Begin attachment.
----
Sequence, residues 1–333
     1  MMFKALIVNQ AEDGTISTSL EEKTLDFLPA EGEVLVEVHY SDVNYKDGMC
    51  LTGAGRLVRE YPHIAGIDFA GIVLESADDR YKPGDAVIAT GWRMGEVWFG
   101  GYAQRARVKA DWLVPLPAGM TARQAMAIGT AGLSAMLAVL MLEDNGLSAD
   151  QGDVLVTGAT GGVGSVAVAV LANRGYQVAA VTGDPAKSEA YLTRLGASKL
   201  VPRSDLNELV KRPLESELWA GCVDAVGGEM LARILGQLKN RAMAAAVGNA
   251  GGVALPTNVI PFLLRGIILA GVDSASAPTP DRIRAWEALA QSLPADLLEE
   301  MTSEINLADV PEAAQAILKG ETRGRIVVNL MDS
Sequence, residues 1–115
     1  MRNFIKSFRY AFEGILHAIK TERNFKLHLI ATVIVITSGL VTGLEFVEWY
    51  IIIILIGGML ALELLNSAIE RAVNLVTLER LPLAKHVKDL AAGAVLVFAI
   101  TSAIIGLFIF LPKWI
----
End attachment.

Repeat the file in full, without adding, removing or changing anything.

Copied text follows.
Sequence, residues 1–333
     1  MMFKALIVNQ AEDGTISTSL EEKTLDFLPA EGEVLVEVHY SDVNYKDGMC
    51  LTGAGRLVRE YPHIAGIDFA GIVLESADDR YKPGDAVIAT GWRMGEVWFG
   101  GYAQRARVKA DWLVPLPAGM TARQAMAIGT AGLSAMLAVL MLEDNGLSAD
   151  QGDVLVTGAT GGVGSVAVAV LANRGYQVAA VTGDPAKSEA YLTRLGASKL
   201  VPRSDLNELV KRPLESELWA GCVDAVGGEM LARILGQLKN RAMAAAVGNA
   251  GGVALPTNVI PFLLRGIILA GVDSASAPTP DRIRAWEALA QSLPADLLEE
   301  MTSEINLADV PEAAQAILKG ETRGRIVVNL MDS
Sequence, residues 1–115
     1  MRNFIKSFRY AFEGILHAIK TERNFKLHLI ATVIVITSGL VTGLEFVEWY
    51  IIIILIGGML ALELLNSAIE RAVNLVTLER LPLAKHVKDL AAGAVLVFAI
   101  TSAIIGLFIF LPKWI